Monday, November 11, 2019

Can Hobbies & Parenting Coexist?

The comforter was pulled up to my neck and I breathed deeply, sinking further into the mattress. With the rolling wave of each contraction, my body was preparing to push out a squirming baby boy. As I lay there, my eyes closed, I heard my toddler scamper into the bedroom.

Is mommy at the coffee shop? he asked my husband, not noticing my figure huddled under the blankets.

Even at just two years of age, my son had noticed my habit of regularly taking time to pursue my hobbies. My simple action, of waking up early a few mornings a week to slip into the frosty air and drive down the street to the local coffee shop, was observed by this small human being. Our actions speak volumes to our children, and over time, impart wisdom that we may never be able to convey through our words.

Countless people have been rather surprised when they hear that my husband plays video games. Not only that, but he even is involved (in varying levels of attendance) in the competitive gaming scene. Some people even appear to be in awe that I "let" my husband play video games.

Many women have expressed to me that I like to read books like you, but I haven't done that since becoming a mom. They're tired and worn out from caring for their kids and household duties, so doing any reading "for fun" is placed on a backburner-and rarely happens.

I realize that some people are in situations which do not allow them to get out by themselves. Military families, single parents, and families where one or both parents work multiple jobs may experience a lack of "free time" or be unable to leave the kids with someone (especially if no relatives live in the area). There are also, unfortunately, situations where one spouse is not supportive of the other and makes it difficult-or even impossible-for that person to ever get a break.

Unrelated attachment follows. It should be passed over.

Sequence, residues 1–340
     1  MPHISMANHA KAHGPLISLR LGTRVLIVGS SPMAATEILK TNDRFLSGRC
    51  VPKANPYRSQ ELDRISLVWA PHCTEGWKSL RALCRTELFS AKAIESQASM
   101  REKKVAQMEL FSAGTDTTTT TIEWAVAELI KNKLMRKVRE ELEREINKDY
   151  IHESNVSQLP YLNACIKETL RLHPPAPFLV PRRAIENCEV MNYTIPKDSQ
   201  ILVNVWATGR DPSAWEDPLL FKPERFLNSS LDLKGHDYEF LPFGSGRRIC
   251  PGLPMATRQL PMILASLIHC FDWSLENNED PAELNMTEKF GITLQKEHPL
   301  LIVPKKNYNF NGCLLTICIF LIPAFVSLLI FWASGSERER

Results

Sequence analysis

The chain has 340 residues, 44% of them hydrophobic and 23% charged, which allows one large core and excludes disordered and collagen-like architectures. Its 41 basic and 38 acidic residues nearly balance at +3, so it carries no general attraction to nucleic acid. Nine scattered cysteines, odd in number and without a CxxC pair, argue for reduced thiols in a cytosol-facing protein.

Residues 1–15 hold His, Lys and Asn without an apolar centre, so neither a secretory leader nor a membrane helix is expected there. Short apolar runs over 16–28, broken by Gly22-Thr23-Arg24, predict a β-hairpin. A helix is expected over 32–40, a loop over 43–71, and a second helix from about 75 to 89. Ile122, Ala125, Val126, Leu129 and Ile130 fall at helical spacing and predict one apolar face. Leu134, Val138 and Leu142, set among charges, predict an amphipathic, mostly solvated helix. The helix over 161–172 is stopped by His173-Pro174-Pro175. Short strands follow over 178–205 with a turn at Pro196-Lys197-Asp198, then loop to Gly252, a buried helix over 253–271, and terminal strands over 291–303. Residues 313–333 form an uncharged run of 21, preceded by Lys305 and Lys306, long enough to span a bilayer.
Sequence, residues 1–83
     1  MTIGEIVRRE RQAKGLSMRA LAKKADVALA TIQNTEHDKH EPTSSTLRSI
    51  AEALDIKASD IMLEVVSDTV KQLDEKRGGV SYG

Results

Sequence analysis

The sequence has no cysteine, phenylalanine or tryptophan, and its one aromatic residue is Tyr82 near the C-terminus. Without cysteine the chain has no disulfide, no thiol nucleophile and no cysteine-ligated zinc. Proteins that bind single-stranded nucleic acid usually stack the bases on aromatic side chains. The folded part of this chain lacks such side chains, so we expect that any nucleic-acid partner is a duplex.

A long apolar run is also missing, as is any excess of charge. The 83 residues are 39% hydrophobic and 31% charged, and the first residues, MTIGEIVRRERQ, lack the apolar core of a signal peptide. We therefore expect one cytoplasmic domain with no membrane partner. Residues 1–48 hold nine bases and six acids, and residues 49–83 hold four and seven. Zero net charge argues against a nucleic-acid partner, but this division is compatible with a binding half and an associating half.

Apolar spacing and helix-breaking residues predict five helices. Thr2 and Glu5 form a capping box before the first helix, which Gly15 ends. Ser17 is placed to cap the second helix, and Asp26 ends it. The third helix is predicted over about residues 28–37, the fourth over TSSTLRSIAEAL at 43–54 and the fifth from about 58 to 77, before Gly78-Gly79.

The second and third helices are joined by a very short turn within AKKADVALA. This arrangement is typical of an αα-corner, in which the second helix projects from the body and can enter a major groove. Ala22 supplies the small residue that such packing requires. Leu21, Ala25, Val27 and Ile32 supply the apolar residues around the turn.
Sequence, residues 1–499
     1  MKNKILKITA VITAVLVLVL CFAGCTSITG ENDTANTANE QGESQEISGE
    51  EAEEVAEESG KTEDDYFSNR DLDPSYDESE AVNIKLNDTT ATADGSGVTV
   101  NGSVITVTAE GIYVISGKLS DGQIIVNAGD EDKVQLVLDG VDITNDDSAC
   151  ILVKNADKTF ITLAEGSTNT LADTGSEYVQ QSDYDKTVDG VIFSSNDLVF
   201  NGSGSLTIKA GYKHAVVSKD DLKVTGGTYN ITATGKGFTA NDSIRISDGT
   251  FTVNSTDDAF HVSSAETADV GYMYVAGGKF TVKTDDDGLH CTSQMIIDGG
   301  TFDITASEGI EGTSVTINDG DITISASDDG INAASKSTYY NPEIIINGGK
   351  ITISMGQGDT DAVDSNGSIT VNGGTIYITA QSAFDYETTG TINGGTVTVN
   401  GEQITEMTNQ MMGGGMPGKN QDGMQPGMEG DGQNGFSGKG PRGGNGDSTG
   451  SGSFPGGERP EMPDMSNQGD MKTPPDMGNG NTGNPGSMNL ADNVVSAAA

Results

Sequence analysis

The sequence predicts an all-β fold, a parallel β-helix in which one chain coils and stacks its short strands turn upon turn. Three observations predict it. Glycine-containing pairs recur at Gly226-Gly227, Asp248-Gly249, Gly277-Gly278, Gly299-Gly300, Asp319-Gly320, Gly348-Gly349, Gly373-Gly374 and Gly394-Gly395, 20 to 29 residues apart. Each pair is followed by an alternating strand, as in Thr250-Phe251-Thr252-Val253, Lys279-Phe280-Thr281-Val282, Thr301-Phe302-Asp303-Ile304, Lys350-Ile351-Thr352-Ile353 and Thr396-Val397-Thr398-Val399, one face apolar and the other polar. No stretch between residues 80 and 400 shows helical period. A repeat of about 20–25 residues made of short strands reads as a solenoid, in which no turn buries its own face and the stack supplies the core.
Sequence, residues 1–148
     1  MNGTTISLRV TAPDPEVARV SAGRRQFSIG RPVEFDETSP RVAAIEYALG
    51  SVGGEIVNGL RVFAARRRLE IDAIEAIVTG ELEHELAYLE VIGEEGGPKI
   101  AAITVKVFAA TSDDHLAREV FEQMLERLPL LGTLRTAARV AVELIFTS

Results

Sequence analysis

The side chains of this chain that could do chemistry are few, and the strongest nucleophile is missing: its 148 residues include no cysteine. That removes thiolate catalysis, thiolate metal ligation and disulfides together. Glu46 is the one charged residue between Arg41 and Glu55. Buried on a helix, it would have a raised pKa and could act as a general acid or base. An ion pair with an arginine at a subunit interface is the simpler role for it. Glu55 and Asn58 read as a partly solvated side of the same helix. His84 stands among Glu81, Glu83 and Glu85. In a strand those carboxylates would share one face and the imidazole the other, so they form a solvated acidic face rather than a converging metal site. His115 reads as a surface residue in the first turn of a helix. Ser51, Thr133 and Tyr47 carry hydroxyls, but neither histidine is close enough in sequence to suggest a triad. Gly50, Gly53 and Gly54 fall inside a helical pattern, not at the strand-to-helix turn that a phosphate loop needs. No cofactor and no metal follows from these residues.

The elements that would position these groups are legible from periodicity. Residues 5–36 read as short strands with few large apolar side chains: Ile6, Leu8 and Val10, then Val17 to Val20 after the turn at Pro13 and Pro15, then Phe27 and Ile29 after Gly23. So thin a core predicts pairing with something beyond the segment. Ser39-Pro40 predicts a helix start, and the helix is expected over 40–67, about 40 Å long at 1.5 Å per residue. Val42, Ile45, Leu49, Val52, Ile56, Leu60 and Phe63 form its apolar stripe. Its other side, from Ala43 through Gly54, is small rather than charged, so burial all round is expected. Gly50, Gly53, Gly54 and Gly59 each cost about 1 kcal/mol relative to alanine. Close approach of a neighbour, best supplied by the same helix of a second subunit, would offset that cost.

However, there are also some people who experience the obstacle of a mentality that much of our American parenting culture has. It seems like there's this idea that when someone becomes a parent, he or she can no longer have "fun," unless it involves his or her children. We schedule our lives around naptimes and playdates. We hunt for educational and leisurely activities for our children. We throw ourselves completely into our children's lives, with the resolve to make sure that they feel loved and cared for. However, We may become so preoccupied with entertaining our kids and making sure that they have an enjoyable childhood, that eventually we can find ourselves wondering when the last time is that we ever did anything "for fun."

What kind of message are we sending to other people-and to our kids-if they never see parents doing leisurely activities? Our kids see more than we know, and they learn from what they notice.
What might happen if our kids see us expressing our interests and passions through hobbies? What if our children heard us playing the piano-not to teach them how to play-but for our own enjoyment and expression? What if our children spotted us whittling a piece of wood, forming pottery, or sewing a cloak? Could a sight like this possibly show our children that their parents are people? People with interests and passions and an innate gift of creativity?